We are so proud and pleased that My Big Barefoot Book of Wonderful Words is finally here! This great big beauty took more than three years to develop — far longer than the typical Barefoot Books title. What took us so long, you ask? Come along and we’ll show you how we created this complex book!
Since we started without a text in hand, our first job was to decide what kinds of scenes and themes we wanted to see in the book. I drew tiny rough thumbnails of potential scenes on a stack of index cards, which I used to lay the book out spread by spread. Once we had the layout nailed, I wrote the narrative text and a list of words for each spread. Tessa and I enjoyed many lively discussions about which words ought to be found where!
Once the text was finalized, we sent it over to illustrator Sophie Fatus for her to create pencil sketches of the entire book. We did not send along my thumbnails, because we didn’t want to interfere with Sophie’s creative process. It came as no surprise to us that Sophie basically nailed them on the first try, but we were amazed all the same how closely the roughs resembled the thumbnails that Sophie had never seen!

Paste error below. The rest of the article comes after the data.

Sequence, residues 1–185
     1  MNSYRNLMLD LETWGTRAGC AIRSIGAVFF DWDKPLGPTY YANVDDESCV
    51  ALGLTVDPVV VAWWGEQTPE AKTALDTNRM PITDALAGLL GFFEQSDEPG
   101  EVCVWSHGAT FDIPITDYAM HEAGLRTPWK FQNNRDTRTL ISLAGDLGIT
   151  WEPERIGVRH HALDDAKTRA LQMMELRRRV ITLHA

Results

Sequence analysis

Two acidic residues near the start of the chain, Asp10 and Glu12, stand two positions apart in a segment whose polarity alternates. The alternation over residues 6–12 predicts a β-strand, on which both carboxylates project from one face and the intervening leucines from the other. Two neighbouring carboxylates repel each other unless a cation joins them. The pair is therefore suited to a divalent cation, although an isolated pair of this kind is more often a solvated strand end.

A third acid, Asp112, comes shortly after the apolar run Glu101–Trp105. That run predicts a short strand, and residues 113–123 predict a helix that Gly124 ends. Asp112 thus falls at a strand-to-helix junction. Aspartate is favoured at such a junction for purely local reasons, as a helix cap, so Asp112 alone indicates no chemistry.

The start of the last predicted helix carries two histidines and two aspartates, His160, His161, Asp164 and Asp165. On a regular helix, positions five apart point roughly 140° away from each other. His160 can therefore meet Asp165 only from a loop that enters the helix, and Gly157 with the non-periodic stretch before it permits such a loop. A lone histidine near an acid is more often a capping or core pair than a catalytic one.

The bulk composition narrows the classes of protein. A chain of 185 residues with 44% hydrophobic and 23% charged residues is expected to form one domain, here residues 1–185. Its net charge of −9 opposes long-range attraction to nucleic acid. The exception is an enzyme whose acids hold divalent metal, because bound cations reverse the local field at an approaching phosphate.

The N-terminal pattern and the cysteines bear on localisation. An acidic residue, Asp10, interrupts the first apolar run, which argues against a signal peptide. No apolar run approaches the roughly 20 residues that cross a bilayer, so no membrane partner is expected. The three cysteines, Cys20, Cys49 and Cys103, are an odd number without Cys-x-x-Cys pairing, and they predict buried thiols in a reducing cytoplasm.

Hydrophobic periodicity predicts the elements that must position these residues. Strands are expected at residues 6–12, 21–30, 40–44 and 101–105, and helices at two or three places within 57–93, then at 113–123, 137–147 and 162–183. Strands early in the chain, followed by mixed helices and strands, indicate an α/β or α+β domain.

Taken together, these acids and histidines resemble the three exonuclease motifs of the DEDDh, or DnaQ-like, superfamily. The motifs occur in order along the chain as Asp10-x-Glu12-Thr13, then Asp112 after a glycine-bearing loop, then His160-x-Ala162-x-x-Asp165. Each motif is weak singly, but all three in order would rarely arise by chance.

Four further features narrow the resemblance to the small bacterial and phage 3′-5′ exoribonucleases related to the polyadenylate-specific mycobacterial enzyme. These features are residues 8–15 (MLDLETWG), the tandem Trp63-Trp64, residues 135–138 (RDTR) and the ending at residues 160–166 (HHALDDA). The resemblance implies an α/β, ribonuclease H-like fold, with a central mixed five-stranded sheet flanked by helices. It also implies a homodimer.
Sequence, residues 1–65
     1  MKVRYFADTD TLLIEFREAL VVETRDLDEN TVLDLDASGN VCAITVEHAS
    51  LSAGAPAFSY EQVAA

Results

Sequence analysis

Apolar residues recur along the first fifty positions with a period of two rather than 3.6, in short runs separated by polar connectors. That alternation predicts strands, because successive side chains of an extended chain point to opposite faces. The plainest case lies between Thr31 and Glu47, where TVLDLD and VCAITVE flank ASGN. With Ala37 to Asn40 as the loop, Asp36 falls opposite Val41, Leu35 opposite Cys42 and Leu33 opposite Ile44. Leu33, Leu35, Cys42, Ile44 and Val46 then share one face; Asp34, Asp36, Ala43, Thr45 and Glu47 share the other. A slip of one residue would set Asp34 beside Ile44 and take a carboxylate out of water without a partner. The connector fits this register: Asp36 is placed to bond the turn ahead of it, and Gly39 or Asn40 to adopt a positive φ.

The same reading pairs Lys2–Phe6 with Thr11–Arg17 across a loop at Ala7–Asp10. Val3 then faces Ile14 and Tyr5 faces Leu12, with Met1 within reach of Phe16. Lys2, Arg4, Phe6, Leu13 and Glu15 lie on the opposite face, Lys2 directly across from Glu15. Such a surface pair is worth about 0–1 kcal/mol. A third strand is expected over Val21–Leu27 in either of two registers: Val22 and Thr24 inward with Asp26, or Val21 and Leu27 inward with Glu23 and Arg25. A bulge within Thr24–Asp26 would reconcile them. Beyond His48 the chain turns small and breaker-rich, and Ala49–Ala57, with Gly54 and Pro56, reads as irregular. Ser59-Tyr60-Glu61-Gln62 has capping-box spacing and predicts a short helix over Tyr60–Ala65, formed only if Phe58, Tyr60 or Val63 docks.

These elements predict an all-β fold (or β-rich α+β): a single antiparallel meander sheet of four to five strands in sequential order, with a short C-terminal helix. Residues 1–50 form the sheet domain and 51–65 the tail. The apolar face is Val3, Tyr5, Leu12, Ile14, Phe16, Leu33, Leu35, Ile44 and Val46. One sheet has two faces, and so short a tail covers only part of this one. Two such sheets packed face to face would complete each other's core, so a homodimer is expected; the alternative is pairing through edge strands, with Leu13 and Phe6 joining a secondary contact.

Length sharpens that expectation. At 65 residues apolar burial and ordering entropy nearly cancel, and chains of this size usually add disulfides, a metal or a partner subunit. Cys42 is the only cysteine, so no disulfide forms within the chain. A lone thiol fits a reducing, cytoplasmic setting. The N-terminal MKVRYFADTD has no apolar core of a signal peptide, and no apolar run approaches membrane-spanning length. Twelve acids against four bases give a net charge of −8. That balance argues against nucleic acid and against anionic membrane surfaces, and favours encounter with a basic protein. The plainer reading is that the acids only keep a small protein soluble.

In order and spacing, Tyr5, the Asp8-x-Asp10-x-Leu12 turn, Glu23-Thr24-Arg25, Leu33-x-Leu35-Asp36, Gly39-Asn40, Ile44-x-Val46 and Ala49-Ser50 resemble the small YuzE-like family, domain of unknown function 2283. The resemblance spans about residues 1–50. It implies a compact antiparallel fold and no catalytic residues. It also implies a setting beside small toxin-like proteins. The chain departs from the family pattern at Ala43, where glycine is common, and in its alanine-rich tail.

We went through several rounds of revisions to the rough illustrations. Some needed almost no changes (like the cross-section of the house), and others needed tweaks, like adjusting the placement of artwork to make room for text, or revising illustrations to be more clear to young readers. The clothing spread only needed one tweak — changing the twins from a pair of girls to a boy and girl pair.
Once we had Sophie’s pencil sketches looking exactly right, we approved her to paint the book! As if her job was not big enough, we asked Sophie to paint the entire book on two layers. That means that the backgrounds were painted separately from the people and objects. We did this so that we can easily have the artwork animated if we decide to create a digital version of MBBBWW one day.
Finally, our brilliant freelance designer Katie Jennings took Sophie’s final artwork and painstakingly combined the backgrounds and characters, and added the text. And voila!
We hope you enjoyed this glimpse inside the Creative Cauldron! If you could be a children’s book author, illustrator, designer or editor, which would you choose?
–Kate DePalma, Senior Editor
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